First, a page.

RADHIKA DHARIWAL Owner of Delhi-based cocktail bar, PCO, and private member’s club and restaurant, A Ta Maison (ATM).
She is also a children’s book author.

While food has long been considered a form of art, this claim has been recently taken very literally by the world’s leading chefs and restaurants. Borrowing ideas from classic and contemporary art pieces and exhibits, culinary masters are being inspired by the creativity of artists and their paint palettes as they design and create their dishes - be it plating, thematically curating menus, or even deciding which ingredients to bring together.

For instance, for the past five months, iconic LA Chef Craig Thornton has been serving up multi-course meals as part of a room-size art installation at the Museum of Contemporary Art in Los Angeles. His rococo themed menu has colourful & complex dishes such as melange of grilled rib-eye, creamed kimchi, beef tongue, Asian pear and crispy shallot arranged under a purple squid-ink dumpling, all plated in clean, contemporary serving plates to match the Museum’s vibe. Similarly, at the world’s current leading restaurant, Osteria Francescana in Modena, Chef Massimo serves a beautifully poached veal steak with Damien Hirst style psychedelic rings of balsamic vinegar, yam pulp, raspberry coulis and horseradish shavings, all dished up right in front of the original painting that inspired the dish. And Chef Ashay Dhopatkar at À Ta Maison in New Delhi is curating a night of 10 dishes re-imagined by 10 contemporary Indian artists.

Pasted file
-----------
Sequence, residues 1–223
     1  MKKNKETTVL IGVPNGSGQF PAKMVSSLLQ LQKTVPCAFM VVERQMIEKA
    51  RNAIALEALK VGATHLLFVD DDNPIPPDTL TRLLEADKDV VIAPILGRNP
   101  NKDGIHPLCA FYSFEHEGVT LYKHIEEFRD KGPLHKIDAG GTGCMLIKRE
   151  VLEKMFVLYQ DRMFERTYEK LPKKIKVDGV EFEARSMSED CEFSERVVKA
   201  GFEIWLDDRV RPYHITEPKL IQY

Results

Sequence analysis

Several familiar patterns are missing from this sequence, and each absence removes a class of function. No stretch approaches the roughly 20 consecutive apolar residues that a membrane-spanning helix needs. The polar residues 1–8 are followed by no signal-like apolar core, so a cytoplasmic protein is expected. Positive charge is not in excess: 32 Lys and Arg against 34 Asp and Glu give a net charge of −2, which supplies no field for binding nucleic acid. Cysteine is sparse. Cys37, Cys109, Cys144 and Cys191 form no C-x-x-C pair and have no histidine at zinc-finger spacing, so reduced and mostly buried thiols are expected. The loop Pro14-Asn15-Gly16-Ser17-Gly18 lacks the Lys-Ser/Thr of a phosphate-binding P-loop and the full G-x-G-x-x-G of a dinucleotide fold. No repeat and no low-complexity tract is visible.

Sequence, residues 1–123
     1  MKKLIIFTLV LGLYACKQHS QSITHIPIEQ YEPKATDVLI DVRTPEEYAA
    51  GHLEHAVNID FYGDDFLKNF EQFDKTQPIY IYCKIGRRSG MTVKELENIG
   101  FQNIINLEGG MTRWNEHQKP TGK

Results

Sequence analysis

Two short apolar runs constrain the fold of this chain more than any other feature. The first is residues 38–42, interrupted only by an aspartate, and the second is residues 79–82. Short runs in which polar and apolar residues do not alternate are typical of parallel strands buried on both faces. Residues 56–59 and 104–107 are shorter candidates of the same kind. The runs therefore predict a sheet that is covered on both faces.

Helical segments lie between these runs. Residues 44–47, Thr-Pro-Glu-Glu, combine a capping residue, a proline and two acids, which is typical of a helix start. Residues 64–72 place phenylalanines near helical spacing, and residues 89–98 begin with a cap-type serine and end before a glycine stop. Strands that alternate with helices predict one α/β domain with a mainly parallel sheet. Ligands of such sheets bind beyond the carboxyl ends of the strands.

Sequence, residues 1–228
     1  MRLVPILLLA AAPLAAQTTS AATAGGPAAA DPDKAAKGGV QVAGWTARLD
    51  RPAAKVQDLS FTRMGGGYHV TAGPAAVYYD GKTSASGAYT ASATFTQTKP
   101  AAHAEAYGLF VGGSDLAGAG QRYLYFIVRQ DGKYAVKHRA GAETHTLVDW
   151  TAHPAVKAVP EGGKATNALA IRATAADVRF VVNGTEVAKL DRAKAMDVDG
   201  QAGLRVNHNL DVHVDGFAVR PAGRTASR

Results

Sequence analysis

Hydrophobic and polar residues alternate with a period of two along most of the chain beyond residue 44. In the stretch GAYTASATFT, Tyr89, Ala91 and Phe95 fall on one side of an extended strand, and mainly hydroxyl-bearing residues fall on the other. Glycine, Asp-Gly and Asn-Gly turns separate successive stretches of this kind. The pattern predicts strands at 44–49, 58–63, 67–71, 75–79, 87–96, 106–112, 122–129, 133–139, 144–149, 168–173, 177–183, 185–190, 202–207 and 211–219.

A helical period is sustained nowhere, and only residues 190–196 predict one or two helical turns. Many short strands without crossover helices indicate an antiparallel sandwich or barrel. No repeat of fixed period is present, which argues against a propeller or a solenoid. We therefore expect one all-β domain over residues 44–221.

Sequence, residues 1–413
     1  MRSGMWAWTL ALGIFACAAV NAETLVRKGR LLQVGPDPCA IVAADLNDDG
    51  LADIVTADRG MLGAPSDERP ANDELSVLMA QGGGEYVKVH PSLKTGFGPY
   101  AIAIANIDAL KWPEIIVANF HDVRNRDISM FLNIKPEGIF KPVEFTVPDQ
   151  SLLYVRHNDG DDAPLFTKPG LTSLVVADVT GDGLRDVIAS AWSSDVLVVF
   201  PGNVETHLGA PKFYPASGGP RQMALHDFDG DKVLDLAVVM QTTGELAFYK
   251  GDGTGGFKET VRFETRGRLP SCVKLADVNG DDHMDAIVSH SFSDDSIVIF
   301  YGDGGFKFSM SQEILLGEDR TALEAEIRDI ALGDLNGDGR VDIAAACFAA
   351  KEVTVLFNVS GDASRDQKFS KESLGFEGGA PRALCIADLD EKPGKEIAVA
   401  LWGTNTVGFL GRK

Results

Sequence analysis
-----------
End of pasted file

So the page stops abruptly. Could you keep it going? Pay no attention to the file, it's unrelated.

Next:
So, as Chefs begin to bring the delights of an artist’s palette to our palates, we can look forward to an infusion of innovation & creativity in contemporary world cuisine. And as the experience of dining becomes even more multi-sensory than it was before, let us rejoice - after all, meals will now not only be a feast for the mouth, but also a feast for the eyes and a true feast for the soul.

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